Two years ago, Corbin Miller found himself some 2,000 miles from his family in Utah, 3,000 miles from his basketball team at Harvard, and about 80 miles outside of Mexico City in the mountains of Puebla, and he didn’t know a word of Spanish.
It was exactly where he wanted to be.
He had just finished his freshman season at Harvard. The Crimson had won their second straight Ivy League championship. But basketball was the last thing on his mind.
Taking a mission trip for the Church of Jesus Christ of Latter Day Saints had been important to him since he was a boy.
He saw a world beyond basketball and wanted to give as much as he could to it. He wanted to reach people, help people, touch people. But first he had to speak to them.
That’s where his companion, Elder Millan, came in.
“He knew some English words,” said Miller. “I taught him a little bit of English, and he definitely taught me a lot of Spanish.”
In the two years Miller spent in Mexico, he picked up more and more of the language. He also picked up more and more of the culture.
He hopped from Zacatlan to San Lorenzo to Tlaxcala to Puebla, meeting families, learning their stories.
Some towns had no gas stations, some homes had no floors, and in two years he saw only two hardwood basketball courts (otherwise, the playgrounds replaced hoops with soccer nets) but he saw joy in the people.
“A lot of places we’d go, we’d walk an hour to places through fields, through ranches, through farms,” said Miller, who returns to the Crimson this year after completing his mission. “Just incredibly humble people. Great people. Always welcomed into their home.
“It was humbling to walk into a home that’s just basically built out of wood. Some homes don’t even have floors — dirt floors or cement floors — and people are offering you everything and anything they had. So it was a very humbling experience for me.”
For two years, Miller traveled through Mexico spreading the word of his church and looking for opportunities to serve.
“We’d be out on the streets talking to as many people as we could,” he said. “If we’d see someone who needed help with something, we’d stop and go over and see if we could help.
“A lot of people touched me. They taught me a lot about faith, about facing adversity.”
Embracing the idea
Based on basketball alone, there were more than enough reasons for Harvard coach Tommy Amaker to fall in love with the 6-foot-2-inch shooter from a little town outside Salt Lake City.
At Brighton High, Miller made it look easy. He once drained eight 3-pointers in a game to tie Utah’s state record.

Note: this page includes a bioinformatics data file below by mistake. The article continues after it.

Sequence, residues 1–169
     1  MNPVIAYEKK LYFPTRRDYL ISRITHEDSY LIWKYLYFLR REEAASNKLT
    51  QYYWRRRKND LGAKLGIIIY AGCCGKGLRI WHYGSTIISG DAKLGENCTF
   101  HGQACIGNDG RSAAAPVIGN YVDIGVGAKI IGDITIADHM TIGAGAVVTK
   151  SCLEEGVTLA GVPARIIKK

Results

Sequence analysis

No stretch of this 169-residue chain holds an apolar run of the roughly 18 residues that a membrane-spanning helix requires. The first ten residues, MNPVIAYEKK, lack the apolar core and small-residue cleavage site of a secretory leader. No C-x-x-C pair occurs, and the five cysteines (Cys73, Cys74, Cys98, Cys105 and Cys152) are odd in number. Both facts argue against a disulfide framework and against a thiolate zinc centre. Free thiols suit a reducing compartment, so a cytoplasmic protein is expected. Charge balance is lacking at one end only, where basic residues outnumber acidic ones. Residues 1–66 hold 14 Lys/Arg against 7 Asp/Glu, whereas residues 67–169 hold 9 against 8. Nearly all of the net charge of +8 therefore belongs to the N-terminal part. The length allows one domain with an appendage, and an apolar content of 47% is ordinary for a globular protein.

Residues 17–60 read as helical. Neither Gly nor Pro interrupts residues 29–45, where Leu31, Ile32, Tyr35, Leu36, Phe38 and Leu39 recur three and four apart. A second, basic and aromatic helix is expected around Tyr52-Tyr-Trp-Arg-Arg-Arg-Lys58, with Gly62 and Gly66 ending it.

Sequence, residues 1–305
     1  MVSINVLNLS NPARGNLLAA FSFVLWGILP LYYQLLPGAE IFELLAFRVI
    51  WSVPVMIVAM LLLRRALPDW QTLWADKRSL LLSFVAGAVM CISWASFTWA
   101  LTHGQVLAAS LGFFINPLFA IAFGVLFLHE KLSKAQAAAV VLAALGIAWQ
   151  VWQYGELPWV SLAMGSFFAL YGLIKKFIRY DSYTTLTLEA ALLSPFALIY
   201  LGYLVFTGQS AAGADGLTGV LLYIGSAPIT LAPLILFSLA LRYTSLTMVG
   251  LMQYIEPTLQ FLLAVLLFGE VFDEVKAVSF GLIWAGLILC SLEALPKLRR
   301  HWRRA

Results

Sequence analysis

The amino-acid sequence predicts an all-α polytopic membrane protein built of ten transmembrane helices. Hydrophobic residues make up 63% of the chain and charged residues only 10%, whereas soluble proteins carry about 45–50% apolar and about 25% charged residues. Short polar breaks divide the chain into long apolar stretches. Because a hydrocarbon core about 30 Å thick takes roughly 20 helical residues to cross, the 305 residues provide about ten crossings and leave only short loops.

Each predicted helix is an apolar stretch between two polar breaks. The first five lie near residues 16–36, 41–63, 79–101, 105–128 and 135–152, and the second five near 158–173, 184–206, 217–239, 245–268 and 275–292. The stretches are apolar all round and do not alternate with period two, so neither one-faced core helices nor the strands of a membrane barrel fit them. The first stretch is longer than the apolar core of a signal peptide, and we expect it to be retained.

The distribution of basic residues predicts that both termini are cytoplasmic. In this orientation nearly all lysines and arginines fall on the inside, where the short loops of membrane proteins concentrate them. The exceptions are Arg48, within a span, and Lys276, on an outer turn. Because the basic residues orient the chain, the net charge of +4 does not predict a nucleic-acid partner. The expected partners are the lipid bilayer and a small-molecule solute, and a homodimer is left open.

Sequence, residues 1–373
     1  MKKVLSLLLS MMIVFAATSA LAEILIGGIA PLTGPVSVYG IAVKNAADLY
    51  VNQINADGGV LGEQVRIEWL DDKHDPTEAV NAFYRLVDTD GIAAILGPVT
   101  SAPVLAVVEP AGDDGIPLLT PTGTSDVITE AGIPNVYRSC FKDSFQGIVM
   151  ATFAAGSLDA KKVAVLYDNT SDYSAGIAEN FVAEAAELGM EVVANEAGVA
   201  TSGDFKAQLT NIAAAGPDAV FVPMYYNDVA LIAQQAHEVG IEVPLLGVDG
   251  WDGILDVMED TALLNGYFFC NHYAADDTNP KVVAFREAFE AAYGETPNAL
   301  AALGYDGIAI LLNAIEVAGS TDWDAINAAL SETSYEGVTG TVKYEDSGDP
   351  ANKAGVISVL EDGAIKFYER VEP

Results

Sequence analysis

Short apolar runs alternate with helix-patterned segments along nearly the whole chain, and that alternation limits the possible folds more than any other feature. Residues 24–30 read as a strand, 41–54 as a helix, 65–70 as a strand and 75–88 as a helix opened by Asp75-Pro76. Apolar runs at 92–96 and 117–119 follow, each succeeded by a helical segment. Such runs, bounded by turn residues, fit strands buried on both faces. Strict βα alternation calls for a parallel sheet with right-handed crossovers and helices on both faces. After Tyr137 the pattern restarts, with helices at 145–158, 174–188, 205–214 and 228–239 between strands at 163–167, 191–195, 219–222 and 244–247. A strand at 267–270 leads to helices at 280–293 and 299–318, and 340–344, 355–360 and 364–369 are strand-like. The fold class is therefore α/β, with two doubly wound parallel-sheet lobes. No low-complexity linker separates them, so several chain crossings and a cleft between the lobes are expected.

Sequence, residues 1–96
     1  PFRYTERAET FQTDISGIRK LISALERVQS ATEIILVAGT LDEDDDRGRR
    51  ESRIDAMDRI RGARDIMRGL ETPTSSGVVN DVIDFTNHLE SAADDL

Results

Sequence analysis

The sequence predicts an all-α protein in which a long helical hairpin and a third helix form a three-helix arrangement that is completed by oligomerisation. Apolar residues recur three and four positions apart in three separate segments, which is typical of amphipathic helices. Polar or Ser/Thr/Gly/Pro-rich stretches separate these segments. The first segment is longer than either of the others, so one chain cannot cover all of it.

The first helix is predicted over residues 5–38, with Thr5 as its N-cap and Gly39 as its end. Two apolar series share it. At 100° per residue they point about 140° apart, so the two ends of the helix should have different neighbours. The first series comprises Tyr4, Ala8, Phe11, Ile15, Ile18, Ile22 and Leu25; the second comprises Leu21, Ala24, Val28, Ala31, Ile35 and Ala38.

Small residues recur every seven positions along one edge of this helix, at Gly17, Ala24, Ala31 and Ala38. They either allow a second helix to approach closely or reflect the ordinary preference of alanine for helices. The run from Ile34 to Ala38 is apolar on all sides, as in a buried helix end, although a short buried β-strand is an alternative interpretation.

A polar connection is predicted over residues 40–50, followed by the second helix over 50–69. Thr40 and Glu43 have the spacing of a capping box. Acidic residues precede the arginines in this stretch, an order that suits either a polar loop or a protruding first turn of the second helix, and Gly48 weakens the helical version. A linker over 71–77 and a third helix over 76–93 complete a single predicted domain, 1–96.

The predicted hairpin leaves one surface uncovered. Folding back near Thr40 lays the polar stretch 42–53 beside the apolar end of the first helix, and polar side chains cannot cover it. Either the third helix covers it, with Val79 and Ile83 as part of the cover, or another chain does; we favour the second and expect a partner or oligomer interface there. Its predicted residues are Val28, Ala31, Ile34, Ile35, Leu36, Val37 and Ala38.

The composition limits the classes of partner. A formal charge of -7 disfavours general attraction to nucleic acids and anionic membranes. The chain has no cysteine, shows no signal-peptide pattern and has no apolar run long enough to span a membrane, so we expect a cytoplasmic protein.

Then he did it again the next game.
“He’s not afraid of the moment,” Amaker said. “He wants to take the big shot and has confidence.”
But there was more, and Amaker could see it.
“He also wants to be a part of something that’s even bigger than himself,” Amaker said.
From the moment the recruiting process started, Amaker saw someone who viewed the world beyond the lines on the hardwood. Miller saw cultures outside his own, people in circumstances less fortunate than his. He had a sense of spirituality that he was committed to sharing with others. When Amaker met with Miller and his parents, they talked about it all.
“We recognized and knew his commitment to his faith and his religion when we recruited him,” Amaker said.
Miller told him that, at some point, before or after he enrolled at Harvard, he wanted to take a mission trip with the church.
“It’s something that’s extremely important, that I believe in and wanted to do,” Miller said.
Amaker not only understood, he embraced the idea. It was something he wanted sewn into the fabric of the program he was building, even if it meant Miller would be away from the team.
“Bringing those lessons to our team and our program — which we always try to teach that aspect, getting outside of yourself for the sake of others — there’s a powerful force there that he’s been a part of,” Amaker said. “We knew that from the beginning, that he has those kinds of layers to who he is.
“He presented to us everything that we want in a Harvard student-athlete, a Harvard basketball player. You trust him, you believe in him, he’s talented, he’s very bright and smart, he has a way about him that he gets along and can interact with anybody, any walk of life. He has an empathy for others. His mission even solidified that more.”
Miller came to Harvard for his freshman season in 2011, played in 28 games, drilled 26 of his 57 3-point attempts, then put basketball on the back burner.
He set out on the two-year journey through Mexico, training missionaries and reaching out to families in some of the country’s more poverty-stricken areas. He returns to Harvard this season with a role to fill on the floor, but with a broadened perspective to add off it.
“Corbin’s a very competitive person, but he’s a very compassionate person,” said his father, Bret. “The competitiveness is when he’s playing sports and the compassion is who he is outside the basketball court. He’s just always had a desire to help people.
“We always say, what can you do to make somebody else better? That’s when true happiness comes, is when you’re doing something as opposed to just trying to gain for yourself.”
Reaching the people
Taking a mission trip was something Miller always had planned on doing.
“It didn’t really come as a surprise,” said his mother, Cathy, said. “We knew about it and we supported him in that.”
They wanted him to work to help others.